Rule 37. Try one new drink each week.
The Rule 37 series of posts chronicle my attempts to accomplish this feat every week.
For the recipes of R37s past, click the Htf do I make these drinks? tab.
It’s warm again. Like way too warm. Much warmer than mid-April should be. Seriously, it’s either 40 or it’s 80. Quit foolin around.
So we’ve got another tropical-sounding drink for this week: Dale DeGroff’s South Beach. Yes, he invented it. His book says so. Also, the heat is making me cranky, so don’t argue with me, whippersnappers.
From Dale DeGroff’s The Craft of the Cocktail. Dale sez “I created this one for the Paddington Spirit Distributors Company in 1992 to find Campari cocktails that were less bitter and would appeal to the American palate. This one worked.”
– 3/4 oz Campari
– 3/4 oz amaretto
– 2 oz fresh orange juice
– 1/2 oz simple syrup (optional)
Shake all ingredients vigorously (to make sure that pulpy orange juice gets mixed in well and good) and strain into a chilled cocktail glass. Double strain with a tea strainer for a cleaner, less pulpy drink (my preference). Garnish with a flamed orange peel. Sip on the veranda.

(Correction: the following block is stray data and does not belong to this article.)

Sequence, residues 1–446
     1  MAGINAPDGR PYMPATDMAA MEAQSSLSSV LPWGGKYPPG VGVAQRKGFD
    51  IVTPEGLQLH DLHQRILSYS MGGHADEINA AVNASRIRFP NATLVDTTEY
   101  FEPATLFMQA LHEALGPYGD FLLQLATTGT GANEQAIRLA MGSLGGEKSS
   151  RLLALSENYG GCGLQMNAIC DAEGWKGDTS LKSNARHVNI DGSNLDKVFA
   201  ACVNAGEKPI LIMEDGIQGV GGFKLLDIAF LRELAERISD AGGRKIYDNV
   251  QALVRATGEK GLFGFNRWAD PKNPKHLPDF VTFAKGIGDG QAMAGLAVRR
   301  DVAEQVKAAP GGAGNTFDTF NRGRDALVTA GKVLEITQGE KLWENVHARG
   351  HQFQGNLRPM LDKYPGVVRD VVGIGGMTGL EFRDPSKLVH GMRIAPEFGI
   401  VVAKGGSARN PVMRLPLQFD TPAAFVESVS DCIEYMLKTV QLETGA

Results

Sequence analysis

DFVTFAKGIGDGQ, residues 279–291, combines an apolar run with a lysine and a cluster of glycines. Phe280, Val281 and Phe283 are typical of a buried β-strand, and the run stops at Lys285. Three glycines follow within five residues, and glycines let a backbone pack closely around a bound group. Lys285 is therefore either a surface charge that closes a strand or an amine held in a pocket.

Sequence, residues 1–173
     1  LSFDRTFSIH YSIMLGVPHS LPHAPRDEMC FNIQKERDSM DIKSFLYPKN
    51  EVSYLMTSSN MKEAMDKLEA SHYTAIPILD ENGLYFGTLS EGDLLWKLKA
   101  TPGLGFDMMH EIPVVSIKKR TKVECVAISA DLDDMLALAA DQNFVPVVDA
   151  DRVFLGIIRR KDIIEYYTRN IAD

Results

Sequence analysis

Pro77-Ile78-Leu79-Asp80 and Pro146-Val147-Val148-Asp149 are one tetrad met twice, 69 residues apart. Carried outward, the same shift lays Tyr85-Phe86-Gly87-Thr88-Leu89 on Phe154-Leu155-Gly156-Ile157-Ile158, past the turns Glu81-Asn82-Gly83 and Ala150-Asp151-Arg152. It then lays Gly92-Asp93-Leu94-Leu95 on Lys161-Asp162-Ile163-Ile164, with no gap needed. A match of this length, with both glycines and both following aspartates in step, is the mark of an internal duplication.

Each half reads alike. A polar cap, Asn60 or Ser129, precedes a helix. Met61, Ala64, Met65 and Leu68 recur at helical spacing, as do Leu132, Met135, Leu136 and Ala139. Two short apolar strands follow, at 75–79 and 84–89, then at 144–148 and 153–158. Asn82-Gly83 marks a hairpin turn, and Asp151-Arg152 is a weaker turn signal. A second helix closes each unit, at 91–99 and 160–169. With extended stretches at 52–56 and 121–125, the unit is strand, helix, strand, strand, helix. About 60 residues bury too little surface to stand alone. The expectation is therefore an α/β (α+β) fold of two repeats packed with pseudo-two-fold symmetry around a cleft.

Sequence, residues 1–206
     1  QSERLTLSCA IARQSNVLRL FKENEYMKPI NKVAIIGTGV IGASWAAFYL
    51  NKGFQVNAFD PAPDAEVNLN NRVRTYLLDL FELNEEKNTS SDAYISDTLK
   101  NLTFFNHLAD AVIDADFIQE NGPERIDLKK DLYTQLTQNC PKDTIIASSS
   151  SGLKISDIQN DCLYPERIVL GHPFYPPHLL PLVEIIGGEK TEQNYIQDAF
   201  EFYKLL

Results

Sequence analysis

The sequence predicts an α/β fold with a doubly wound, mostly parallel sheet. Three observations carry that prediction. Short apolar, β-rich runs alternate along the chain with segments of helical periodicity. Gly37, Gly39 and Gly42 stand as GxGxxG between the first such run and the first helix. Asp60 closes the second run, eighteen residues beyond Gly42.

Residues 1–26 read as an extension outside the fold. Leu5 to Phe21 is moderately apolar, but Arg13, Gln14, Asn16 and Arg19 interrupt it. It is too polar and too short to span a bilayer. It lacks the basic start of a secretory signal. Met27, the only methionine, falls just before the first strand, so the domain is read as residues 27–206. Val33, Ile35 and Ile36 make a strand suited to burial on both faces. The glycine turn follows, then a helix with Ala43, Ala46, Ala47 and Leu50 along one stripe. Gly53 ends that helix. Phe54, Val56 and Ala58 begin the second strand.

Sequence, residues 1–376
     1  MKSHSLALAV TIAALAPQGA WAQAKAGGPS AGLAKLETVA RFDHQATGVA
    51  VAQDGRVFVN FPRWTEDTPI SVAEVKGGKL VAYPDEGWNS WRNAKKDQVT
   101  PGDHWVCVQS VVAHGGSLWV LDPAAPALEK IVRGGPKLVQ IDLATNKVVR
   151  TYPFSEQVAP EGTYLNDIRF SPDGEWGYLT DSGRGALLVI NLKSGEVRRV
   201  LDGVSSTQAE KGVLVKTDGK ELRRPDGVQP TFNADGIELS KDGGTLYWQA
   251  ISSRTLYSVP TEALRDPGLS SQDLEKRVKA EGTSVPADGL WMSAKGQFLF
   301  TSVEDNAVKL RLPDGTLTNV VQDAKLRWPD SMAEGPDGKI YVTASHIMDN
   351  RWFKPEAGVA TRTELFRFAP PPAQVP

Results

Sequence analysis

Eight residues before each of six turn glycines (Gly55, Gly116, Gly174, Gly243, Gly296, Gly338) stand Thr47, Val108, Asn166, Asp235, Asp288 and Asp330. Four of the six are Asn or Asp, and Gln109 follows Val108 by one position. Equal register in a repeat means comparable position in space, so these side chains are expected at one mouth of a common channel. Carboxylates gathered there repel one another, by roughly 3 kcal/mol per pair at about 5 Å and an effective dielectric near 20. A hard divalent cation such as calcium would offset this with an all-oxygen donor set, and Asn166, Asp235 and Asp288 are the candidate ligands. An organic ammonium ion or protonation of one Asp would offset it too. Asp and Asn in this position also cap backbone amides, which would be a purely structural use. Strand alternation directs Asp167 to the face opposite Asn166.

Well, it certainly smells sweet and orangy, though the Campari certainly noses through. The taste is quite pleasing. Definately a Campari drink, albeit much subdued. It really is a beginner’s Campari tipple. The orange juice gives it body, and the amaretto lurks underneath with a syrupy dark fruit flavor. Though DeGroff mentions that the simple syrup is optional, I did include it, and I suggest you do as well, especially if you’re not a big fan of the Campari bittersweet flavor. I do enjoy Campari, though I think this drink would be too bitter without the extra syrup. A hit of grenadine might play nicely in place of the simple syrup, and would only deepen the drink’s lovely reddish-orange hue.
The Lady Friend, who was making some blue-tinged tequila monstrosity (she just added “of course I am; that’s how I roll“) had a taste and liked it more than she thought she would. She wrinkles her nose any time I open that Campari bottle, but was able to handle this one. She claims “the Campari and amaretto are nicely balanced,” and “…it was sweet, but I don’t know if I’d want more than one of them.” Not the biggest vote of confidence, but an improvement over her usual face of revulsion.
I, on the other hand, think it was quite nice, and shall have another.